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Health report-card fears make doctors forgo potential life-saving heart treatment

tality reports, indicating whether they strongly agreed, agreed, disagreed or strongly disagreed with each statement.

Conducted by Narins with Frederick Ling, M.D., Wojciech Zareba, M.D., Ph.D., and Ann Dozier, R.N., Ph.D., the survey received an extraordinary 65 percent response rate. Investigators speculate that doctors responded in such large numbers because they want the public to know that a physician's mortality rate, the only statistic measured on the state's report card, is by itself an inaccurate indicator of the physician's skill level or quality of care.

Of the 120 physicians who responded to the survey, the vast majority agreed or strongly agreed that the publication of mortality statistics has, in certain instances, influenced their decision regarding whether to perform angioplasty on individual patients. Physicians expressed an increased reluctance to intervene upon critically ill patients with high-expected mortality rates, even though these patients may have the most to gain from angioplasty.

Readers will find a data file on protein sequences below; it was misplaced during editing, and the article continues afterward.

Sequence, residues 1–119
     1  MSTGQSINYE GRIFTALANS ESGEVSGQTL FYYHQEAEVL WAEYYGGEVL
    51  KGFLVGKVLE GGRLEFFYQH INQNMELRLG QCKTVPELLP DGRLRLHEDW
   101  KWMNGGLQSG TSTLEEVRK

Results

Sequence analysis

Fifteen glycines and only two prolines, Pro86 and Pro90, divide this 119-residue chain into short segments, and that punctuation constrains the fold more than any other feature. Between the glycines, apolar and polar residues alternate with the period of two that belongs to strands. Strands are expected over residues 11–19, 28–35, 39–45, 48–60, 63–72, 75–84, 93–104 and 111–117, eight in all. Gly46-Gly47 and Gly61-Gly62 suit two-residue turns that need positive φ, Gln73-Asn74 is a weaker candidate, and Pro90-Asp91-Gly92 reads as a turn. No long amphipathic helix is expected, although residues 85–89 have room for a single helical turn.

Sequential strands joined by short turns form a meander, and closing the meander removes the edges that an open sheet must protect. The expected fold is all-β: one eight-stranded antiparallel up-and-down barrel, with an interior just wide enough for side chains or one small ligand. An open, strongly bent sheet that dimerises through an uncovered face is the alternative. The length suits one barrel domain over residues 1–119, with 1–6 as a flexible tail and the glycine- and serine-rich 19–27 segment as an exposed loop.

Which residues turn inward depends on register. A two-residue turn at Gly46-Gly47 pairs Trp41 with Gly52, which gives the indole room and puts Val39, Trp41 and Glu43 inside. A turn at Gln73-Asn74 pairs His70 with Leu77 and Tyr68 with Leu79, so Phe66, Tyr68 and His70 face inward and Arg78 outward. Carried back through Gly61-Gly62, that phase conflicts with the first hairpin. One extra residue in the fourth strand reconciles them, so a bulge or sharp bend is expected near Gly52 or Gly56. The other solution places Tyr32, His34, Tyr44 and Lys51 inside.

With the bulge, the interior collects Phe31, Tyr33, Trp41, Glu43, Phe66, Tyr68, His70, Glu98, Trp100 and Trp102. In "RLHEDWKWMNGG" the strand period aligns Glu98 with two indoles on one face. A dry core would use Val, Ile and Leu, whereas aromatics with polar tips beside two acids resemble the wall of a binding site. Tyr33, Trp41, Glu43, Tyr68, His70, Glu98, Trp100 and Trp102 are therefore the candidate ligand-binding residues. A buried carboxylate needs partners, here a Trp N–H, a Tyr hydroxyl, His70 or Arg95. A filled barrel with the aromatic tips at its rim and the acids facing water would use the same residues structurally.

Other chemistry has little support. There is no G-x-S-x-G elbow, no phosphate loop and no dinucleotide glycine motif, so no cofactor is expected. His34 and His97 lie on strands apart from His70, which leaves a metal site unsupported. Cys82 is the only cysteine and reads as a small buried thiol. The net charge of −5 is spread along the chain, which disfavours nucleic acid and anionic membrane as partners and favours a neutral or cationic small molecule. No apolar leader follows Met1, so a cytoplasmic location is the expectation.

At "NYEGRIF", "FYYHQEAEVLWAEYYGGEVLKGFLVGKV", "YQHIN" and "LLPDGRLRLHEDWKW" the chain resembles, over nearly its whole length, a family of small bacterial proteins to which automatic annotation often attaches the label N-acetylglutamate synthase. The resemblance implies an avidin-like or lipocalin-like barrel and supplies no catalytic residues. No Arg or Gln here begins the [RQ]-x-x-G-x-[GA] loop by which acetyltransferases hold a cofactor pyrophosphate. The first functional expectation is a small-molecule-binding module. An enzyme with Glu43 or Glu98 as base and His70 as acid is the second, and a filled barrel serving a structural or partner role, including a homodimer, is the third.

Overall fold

Among the respondents, 83 percent agreed or strongly agreed that patients who might benefit from angioplasty may not receive the procedure as a result of public reporting of physician-specific mortality rates. The scoring system attempts to not penalize physicians as much when a more severely ill patient dies following a procedure; yet 85 percent of those surveyed believed that the risk adjustment model used in New York is not sufficient to avoid punishing physicians who perform higher-risk interventions.

The state reporting system may, as intended, lead some interventional cardiologists with low volumes or poor outcomes to improve their performance or stop performing the procedure. However, researchers say the unintended effects of the scorecard system on patient care decisions, as described in the paper, may adversely affect outcomes for patients who might benefit from angioplasty but are denied the procedure.

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Contact: Karin Gaffney
karin_gaffney@urmc.rochester.edu
585-275-1311
University of Rochester Medical Center
10-Jan-2005


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